26 October, 2016

Gimme Shelter

Shelter - We seek shelter from the sun, from the rain, from the wind, from the cold, and from all the ills of the world.  (Cue music here.)  I mentioned a couple of posts back that our latest project was to install an upside-down roof under the sunset balcony to shelter us from the rain blowing in from the west.  It is now complete except for a little caulking to be done where the metal meets the support posts.
Under the Upside-Down Roof.  The screws go up through the zinc into lapboards on the upper side.  It works really well!  A bit of standard roof is seen at the far end for comparison, with the rafter and the lapboards on the underside.
When one project ends, there is always the next.  Next is building the frame for the shade cloth over the sunset balcony to give us shelter from the afternoon sun.  This is directly above the upside-down roof, and is the same odd shape.
Tiger and Pascal measuring for the supports to hold the frame.
This took them only 4 or 5 hours to build.
The Coolaroo shade cloth will go over the top of the frame and will be secured with carabiners and eye hooks so it can be easily taken down in preparation for hurricanes.
Even though this is pressure treated wood, we still use a penetrating oil on it that provides UV protection and helps keep it from drying out too much.  In the photo below, you can see how the frame tucks up just under the eaves.  The center ridge doesn't go all the way to top of the gable.  Instead it is just beneath the vent fan, which is currently covered by a piece of zinc until hurricane season is over at the end of November.
Tiger beginning to apply the Flood brand penetrating oil finish. 
We draped the bolt of Coolaroo shade cloth up over the frame so I could get a good measurement for the length and do a rough cut in place.  The bolt of shade cloth is 12 feet wide and the balcony is only 10 feet wide, so the cloth is plenty big.  I brought the rough cut piece down to the veranda to square it up using a square (as you do), a long level as a straight edge, and a sharpie to mark the line.  The standard sewing aids here in Englishtown.
Squaring the ends.  The 12 ft wide fabric is folded in half to make it more manageable.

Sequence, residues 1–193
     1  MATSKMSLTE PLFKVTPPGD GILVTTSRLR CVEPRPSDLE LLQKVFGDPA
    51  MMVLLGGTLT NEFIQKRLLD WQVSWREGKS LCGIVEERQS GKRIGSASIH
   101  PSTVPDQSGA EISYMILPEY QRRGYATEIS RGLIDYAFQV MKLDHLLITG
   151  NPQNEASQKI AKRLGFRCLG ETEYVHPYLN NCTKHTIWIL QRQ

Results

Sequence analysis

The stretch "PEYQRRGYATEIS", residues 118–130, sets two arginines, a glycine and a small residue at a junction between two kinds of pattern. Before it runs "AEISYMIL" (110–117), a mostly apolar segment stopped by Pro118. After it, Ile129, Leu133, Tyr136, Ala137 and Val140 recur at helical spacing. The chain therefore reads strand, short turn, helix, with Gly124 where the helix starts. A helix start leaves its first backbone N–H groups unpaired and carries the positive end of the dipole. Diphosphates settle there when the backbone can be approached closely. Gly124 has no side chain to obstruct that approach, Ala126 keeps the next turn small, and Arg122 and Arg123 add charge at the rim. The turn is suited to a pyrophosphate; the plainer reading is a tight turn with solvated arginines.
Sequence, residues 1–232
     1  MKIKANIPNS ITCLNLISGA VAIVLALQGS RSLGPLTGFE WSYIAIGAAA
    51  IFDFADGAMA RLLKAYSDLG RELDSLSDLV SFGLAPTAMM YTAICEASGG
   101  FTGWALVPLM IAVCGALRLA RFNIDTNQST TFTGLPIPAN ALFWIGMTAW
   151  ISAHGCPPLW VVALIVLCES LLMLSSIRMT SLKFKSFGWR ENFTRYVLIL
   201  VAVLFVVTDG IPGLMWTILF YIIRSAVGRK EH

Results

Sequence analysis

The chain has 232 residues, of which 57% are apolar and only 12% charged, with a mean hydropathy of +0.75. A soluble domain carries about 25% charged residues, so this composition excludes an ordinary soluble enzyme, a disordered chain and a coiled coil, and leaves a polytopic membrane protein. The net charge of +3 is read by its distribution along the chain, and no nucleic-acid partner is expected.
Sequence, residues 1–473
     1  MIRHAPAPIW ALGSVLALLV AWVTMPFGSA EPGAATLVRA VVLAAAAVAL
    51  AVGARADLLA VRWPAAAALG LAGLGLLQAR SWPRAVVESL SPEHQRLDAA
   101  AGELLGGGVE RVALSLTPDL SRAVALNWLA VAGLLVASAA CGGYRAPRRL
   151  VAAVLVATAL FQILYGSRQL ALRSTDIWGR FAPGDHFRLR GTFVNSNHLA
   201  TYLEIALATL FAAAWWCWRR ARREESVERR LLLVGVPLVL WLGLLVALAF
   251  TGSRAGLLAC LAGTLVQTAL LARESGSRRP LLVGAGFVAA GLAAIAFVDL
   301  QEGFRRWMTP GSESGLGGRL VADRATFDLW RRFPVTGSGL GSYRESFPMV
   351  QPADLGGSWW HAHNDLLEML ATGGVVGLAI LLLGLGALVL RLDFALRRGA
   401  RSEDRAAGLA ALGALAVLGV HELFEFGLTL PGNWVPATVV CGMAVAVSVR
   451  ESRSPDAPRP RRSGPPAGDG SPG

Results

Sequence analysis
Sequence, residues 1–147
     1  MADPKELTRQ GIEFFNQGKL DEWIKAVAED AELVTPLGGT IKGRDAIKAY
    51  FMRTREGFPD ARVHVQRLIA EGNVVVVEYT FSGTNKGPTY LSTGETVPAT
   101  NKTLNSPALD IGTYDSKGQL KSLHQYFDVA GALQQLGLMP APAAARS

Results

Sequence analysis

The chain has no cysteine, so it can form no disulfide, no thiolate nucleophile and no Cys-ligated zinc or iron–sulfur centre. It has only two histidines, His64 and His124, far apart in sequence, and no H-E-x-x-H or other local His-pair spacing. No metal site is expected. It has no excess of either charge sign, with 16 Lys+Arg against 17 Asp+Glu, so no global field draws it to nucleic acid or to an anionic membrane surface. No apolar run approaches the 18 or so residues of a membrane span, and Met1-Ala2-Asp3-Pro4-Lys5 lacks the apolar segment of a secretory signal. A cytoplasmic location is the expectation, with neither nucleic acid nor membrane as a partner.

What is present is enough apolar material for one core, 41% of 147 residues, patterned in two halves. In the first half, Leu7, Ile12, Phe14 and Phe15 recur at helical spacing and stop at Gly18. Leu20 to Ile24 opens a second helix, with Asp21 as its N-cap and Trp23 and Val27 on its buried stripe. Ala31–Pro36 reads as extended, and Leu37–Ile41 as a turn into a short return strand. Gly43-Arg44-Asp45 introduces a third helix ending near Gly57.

The final piece is just over 16 ft long.  I will use a hot-glue gun to hem the ends.  Sort of a soft carpentry or a sturdy sewing project.  The Coolaroo fabric is made from recycled polypropylene (think soda bottles) and is perfect for the harsh conditions on the balcony.  I brought the bolt of Coolaroo down to Belize 4 years ago in a BIG duffle-bag.  The bolt was a cylinder 4 ft long and about 15 inches in diameter.  We have used it for other projects, too, but there is still about a third left.  I'll post photos of the shady balcony once it is complete.

Turns out that we are providing shelter for unwanted visitors - ANTS!  We have a huge invasion in the new cabana.  We put out some poison bait (Combat brand) that we hope they are taking back to their nest.  They lap this stuff up!
Just a hundred or so of the THOUSANDS OF ANTS that are marching across the countertop!  We put the bait in small plastic lid and also soak the paper towel with it too.
Fortunately the ants don't bite and they are just little things.  I think the wet weather has driven them inside.  But too bad, they need to find other shelter.


  1. Fascinating to see the progress Wilma.
    Always something to do; I hope you manage to find some time to relax.

    1. Hi Keith - some days progress more than others! And don't worry about me not taking enough time to relax - I am an expert practitioner of relaxing. ;-)

  2. Everything looks to be taking shape Wilma - and you seem quite matter of fact about those ants!

    1. Little by little, Weaver! The ants make me curse a blue streak when they invade the cabana. I actually hate to have to kill them, but when they get inside I don't hesitate to wield the poison.

  3. You're making so much progress. Our ants are biters and to be avoided. I want to put a roof with solar panels over my deck.


    1. Hi Janie - oooh, I remember my first painful encounter with fire ants in rural south Georgia ages ago. Those are horrid creatures! They sting and they bite; which is not at all fair! We have some ants outside that are as bad. In fact I came close to dying after being stung/bitten 50-60 times soon after we bought this property. I lost all control of my limbs, bowel, bladder, and stomach for about 45 minutes about 12 hours after the attach. I could breath, at least. Dennis was in a panic as I floundered on the floor at 2AM. Fortunately the bodily fluids mostly found their way into toilet, waste basket, etc. before I fell off the toilet. A night to remember, as they say.


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